6 Ways to Make Sensible HOA Policies
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In a community association, there are necessary rules and policies to allow the sanctity of the board to continue. These HOA rules and procedures help create and maintain order, which keeps the community secure. However, if the rules are too strict and feel unfair, or they are very lob-sided in terms of enforcing them depending on the resident, they can create severe problems for the board.
This article recommends ways for your board to ensure that your community association can maintain the community's quality while simultaneously keeping animosities to a low. With a great community association management company, they will ensure that you establish reasonable policies and the proper way to convey them to your residents while finding a healthy balance in enforcing them and issuing violation notices.
Whether you are self-managed or have help from a management company, you can always look toward these six tips to establish sensible community association policies:
1. Understand your governing documents and your state's laws to avoid trouble
When you become more familiar with the governing documents that have to do with Missouri and Kansas law regarding community associations, this will surely help in staying away from any legal trouble when determining new HOA policies. "You should first have new policies reviewed by your community association attorney," says Jennifer Bishop, property manager for FirstService Residential in Missouri. "Your attorney can verify that you're not implementing them in a way that conflicts with your governing documents or with the law."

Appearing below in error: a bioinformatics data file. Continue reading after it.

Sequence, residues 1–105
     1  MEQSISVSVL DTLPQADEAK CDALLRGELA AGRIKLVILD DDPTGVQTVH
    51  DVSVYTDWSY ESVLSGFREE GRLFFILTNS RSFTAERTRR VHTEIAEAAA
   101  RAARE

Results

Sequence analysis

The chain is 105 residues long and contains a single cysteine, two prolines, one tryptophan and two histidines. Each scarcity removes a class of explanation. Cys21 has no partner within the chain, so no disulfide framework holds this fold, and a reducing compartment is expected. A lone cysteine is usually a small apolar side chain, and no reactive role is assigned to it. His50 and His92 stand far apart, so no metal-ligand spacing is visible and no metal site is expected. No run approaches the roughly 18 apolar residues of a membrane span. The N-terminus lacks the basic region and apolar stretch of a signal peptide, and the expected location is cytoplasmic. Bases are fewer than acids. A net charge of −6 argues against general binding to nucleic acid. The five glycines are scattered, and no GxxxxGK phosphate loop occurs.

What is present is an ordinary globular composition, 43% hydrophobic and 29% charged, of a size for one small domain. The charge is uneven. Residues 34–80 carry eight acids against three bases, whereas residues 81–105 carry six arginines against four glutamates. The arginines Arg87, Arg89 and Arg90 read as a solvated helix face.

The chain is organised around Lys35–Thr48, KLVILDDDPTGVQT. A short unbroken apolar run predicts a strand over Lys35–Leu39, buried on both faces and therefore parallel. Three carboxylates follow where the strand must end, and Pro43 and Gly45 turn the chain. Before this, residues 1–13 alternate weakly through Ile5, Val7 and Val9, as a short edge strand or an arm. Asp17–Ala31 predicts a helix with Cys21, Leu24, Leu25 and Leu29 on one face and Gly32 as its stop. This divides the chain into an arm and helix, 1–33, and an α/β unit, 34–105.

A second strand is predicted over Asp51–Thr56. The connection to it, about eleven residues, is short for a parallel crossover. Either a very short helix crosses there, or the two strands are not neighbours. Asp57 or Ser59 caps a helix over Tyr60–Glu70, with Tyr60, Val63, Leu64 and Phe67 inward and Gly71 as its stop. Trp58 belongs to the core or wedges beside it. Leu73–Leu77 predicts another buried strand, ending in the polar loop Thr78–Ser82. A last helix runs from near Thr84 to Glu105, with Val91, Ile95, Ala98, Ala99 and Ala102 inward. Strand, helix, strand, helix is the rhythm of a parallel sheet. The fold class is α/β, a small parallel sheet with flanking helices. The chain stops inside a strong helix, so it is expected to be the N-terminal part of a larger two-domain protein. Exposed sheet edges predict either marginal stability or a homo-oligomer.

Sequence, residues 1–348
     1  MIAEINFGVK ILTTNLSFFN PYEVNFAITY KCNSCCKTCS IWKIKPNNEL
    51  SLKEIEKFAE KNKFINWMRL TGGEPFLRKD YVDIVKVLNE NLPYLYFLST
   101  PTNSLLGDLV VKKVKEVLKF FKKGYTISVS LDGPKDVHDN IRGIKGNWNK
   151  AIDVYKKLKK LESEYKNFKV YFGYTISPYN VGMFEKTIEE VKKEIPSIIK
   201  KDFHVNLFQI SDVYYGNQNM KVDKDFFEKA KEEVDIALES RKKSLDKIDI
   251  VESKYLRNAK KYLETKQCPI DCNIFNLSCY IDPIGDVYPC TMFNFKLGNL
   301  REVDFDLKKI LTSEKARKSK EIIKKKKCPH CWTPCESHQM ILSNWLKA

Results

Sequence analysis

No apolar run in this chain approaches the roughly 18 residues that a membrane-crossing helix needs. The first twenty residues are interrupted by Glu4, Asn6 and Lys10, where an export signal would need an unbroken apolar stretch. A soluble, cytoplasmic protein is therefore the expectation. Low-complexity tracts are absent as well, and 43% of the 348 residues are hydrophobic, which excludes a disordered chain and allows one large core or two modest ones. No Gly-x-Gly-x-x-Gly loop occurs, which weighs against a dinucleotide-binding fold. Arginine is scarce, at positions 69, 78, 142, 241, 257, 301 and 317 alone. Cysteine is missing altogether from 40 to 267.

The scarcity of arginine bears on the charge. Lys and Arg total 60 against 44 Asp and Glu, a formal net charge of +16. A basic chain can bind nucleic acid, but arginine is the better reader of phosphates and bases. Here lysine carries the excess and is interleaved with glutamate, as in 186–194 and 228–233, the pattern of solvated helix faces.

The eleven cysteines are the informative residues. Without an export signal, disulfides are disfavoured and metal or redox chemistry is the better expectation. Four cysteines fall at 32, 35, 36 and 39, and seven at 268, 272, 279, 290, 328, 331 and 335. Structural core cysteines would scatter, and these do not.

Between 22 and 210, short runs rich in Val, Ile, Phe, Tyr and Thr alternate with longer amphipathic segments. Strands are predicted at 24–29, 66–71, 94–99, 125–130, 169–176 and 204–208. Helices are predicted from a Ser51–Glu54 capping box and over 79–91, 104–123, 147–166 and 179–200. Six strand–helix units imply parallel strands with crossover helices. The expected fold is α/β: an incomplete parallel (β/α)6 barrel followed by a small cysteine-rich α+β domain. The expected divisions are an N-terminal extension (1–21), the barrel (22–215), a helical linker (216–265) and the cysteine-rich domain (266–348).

An excellent initiative is to sync any new board policy with the state statues and any city laws or ordinances. Take the extra step in reaching out to your local government to know all the potential violations and enforcement laws. This will provide you with peace of mind while further validating any policies. This also helps when needing to enforce these new HOA rules.
2. Common sense needs to be common
Think hard about whether the new HOA rule at hand is even necessary. Will it create a positive change? Or will it just create new hardships for your residents? It would help if you remembered to balance your responsibility to protect the community association and its residents while not sacrificing your residents' need for personal freedom. Also, do not create a "conflict of interest" to fulfill a personal agenda, as this could lead to new (and potentially legal) issues. Avoid creating a new rule as a response to a single incident. If a certain issue starts arising on a regular basis, then it is time to consider creating a policy to address it.
3. Review your HOA rules on an annual basis